I Am Trying To Break Your Heart
Fiddle prodigy Ruby Jane isn't slacking
Some people still say art is suffering, but in a century where death by tuberculosis or dysentery is as likely to pick off Western artists as an asteroid, we can say musicians today have it pretty good. A night busking might only net you enough for a carton of milk and a can of processed pasta, but if you've made it to 31, you're still beating the fin de siècle curve.
An artist who has not yet even turned 21, Ruby Jane Smith is a 17-year-old fiddle prodigy whose next trick is to reinvent herself as a songwriter and singer first. Last week she released her first album in that vein, Celebrity (Empire of Emptiness), but not before some celestial body, envious or bored (or maybe it's nothing other than sad circumstance), brought some suffering to her doorstep.
Shortly after ramping up a Kickstarter campaign to fund Celebrity, Jane and her mother, JoBelle Smith, were robbed at gunpoint after a performance in Houston on December 8 at the Dosey Doe. The man took their TrailBlazer stuffed with music equipment and, though mother and daughter were left unscathed, a report from KXAN days later alludes to how much worse things could have been.
"He actually pointed the gun at me and tried to get me back in the car," Ruby Jane told the local TV news outlet. "I just kind of like, backed up."
Almost six months from the day of the crime, Ruby Jane concentrates not on what could have been, but what has been.
"Looking back on it, people were already coming together to help, but after the carjacking, the funds that began to pour in to make the album and to replace the instruments ... it was just incredible to see," she says now. "They found my guitar about three days after the carjacking, and they found the car about a week after that. It was a couple streets down in a Jack in the Box parking lot. Those were the only two things that were found."
Including the assailant, who was never identified.
Ruby Jane and JoBelle reside at an RV park in a part of Austin regaled for being "funky." On site, the word "foreign" seems more apropos. The minicommunity seems as unlikely to exist here, butting up against new apartments and the edge of Zilker Park, as an alien colony.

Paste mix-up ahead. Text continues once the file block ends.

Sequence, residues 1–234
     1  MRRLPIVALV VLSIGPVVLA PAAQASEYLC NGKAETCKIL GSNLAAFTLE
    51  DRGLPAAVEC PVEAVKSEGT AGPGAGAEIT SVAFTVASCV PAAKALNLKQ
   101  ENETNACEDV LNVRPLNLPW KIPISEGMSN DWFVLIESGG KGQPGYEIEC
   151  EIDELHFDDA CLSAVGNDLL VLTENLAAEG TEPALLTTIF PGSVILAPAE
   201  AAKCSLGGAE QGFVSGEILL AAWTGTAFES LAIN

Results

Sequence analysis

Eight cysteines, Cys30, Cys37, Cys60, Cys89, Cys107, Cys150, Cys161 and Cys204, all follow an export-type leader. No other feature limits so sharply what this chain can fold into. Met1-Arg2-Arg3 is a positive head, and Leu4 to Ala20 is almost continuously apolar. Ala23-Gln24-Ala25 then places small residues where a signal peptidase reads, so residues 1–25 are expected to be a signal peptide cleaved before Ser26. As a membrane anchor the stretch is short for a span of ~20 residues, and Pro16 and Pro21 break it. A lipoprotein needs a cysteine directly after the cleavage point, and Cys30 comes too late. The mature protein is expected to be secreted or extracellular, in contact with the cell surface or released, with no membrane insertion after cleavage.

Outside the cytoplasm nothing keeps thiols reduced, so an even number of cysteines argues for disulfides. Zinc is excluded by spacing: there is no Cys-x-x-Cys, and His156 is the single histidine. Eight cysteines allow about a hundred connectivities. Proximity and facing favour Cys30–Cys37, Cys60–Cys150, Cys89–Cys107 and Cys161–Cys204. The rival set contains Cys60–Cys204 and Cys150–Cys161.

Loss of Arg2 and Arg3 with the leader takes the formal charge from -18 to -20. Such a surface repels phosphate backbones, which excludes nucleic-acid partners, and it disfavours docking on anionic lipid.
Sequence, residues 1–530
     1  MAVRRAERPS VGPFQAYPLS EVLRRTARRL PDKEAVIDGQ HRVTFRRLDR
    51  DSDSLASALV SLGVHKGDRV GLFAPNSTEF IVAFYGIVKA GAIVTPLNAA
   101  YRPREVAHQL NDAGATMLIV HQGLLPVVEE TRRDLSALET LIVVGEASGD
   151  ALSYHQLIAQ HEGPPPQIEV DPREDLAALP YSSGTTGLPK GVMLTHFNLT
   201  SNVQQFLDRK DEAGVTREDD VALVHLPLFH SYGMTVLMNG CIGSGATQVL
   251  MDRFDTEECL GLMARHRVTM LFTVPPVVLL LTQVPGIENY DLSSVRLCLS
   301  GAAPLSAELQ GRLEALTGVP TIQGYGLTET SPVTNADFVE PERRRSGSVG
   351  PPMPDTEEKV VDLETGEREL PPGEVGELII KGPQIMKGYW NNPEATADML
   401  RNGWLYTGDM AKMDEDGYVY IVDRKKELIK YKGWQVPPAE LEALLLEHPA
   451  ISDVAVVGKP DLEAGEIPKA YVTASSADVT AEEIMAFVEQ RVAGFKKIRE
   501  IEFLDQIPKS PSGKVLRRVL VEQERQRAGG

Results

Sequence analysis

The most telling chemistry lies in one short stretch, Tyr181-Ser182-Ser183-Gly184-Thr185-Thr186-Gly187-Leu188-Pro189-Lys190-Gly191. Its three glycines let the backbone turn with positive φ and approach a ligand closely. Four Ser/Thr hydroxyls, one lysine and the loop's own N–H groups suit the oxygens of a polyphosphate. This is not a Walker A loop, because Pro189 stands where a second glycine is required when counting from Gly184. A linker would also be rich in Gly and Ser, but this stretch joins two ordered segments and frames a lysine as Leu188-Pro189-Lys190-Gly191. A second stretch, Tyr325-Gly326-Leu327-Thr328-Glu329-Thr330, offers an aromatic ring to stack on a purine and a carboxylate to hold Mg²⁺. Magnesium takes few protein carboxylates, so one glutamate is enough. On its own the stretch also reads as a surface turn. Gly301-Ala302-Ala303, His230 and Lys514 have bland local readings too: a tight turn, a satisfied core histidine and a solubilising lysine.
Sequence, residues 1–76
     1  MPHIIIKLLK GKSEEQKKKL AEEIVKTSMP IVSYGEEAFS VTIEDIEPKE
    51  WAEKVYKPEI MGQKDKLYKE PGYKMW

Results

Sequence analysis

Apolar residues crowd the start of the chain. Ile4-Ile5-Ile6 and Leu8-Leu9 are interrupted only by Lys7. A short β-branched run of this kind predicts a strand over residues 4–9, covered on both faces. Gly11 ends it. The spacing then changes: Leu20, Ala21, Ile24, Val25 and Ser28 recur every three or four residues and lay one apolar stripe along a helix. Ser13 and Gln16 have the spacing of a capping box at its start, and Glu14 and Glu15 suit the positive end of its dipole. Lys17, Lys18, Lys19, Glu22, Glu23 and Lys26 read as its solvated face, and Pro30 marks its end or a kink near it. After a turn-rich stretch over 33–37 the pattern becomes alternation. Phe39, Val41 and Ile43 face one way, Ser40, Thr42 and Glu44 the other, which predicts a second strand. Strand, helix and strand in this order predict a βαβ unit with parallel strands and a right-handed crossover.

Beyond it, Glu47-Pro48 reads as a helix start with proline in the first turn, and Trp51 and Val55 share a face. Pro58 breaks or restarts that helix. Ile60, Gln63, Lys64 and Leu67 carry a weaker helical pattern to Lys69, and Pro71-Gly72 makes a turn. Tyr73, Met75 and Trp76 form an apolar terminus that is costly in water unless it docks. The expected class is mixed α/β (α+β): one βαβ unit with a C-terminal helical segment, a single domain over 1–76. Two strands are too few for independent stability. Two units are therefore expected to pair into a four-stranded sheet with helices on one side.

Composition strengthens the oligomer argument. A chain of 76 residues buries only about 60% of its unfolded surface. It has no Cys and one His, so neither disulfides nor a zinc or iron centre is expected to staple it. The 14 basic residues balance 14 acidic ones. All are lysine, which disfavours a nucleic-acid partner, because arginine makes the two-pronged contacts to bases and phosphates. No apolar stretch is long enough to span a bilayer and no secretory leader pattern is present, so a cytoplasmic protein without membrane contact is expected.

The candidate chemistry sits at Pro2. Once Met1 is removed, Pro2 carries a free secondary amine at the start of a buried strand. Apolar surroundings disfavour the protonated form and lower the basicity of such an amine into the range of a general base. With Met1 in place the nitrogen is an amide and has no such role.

The Smith's vehicle sits at the end of the lot, surrounded by a portable garden that stretches shade and greenery across the outdoor table where Ruby sits. JoBelle brings out iced tea in a mason jar with a healthy piece of lemon swimming on top. She gives us some privacy and speaks about running errands, but she doesn't leave. Her presence, though unseen, is as visceral and heavy as that mason jar.
Ruby Jane adds Southern genteel to her Austin bohemianism, attributed to growing up in Mississippi with her mother and grandparents. She's fighting a cold today, having just returned from Lancaster, Pa., for her high school graduation from the Veritas Press Scholars Academy, a private, Christian school from which she's taken her entire curriculum online.
"I've never been to a 'regular school,'" she explains, undaunted by having potentially "missed out" on teenage acclimation or only meeting her classmates at graduation. "It's based in classical education. We learn all our history through literature. It's a unique curriculum."
Today she's wearing a full-length skirt and sports big, dark sunglasses. I can just make out her eyes when she turns to the side, smiling over something, or when she pulls to the side in a burst of energy, which happens probably less than it would if she was feeling up to snuff.